I love talking to people about the tools they are using to efficiently track conversations in social media. Everybody has there own methods they’ve developed over time and their own goals they wish to achieve.
There are a couple very cool features built into TweetGrid that allow me to track local, relevant and high profile conversations.
First there’s the local search. I’ve been using this feature via Twitter’s advanced search tips before it was officially revamped and released in TweetGrid. It’s a fun way to keep up with the local scene as well as find some local tweeps.
Next we have Groups. Keeping up with 2000+ followers can become quite a hassle. To be sure I don’t miss anything too important, I’ve put together a list of friends and tweeps I’ve conversed with in the past that provide value. The list changes on a weekly basis and is usually dominated by the same people (as you can see in the attached photo). But it keeps me in the loop.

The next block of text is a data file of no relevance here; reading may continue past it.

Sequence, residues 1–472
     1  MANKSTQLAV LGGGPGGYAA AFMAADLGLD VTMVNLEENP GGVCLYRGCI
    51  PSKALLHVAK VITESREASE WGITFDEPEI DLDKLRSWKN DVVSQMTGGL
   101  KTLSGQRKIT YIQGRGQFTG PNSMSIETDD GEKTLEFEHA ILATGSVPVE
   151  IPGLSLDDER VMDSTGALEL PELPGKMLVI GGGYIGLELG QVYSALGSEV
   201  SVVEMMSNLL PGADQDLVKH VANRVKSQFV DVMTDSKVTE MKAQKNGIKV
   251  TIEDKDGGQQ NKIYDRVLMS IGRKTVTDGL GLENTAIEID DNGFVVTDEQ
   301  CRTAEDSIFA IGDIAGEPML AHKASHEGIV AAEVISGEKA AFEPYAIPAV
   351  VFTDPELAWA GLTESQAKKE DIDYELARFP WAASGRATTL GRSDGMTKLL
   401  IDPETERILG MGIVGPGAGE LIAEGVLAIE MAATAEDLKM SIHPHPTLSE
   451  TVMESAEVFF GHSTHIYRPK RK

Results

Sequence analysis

I also track terms associated with me and my blog. I recently released my first wordpress plugin and like to keep track of it’s mentions in Twitter. It’s also a great way for me to keep tabs on any problems people might be having with my plugin.
I usually leave a spot for my interests. This grid does not have it, but I usually have a spot for tracking bands I like, games I play and anything else I’m interested in.
And last but not least I can keep track of my friends timeline and DMs thanks to some recent TweetGrid updates.
The one thing I cannot stress enough is the speed at which TweetGrid produces results. I’ve yet to use it as a replacement to tweetchat for jourchat and other hashtag related discussions but I could easily see it being a suitable substitution.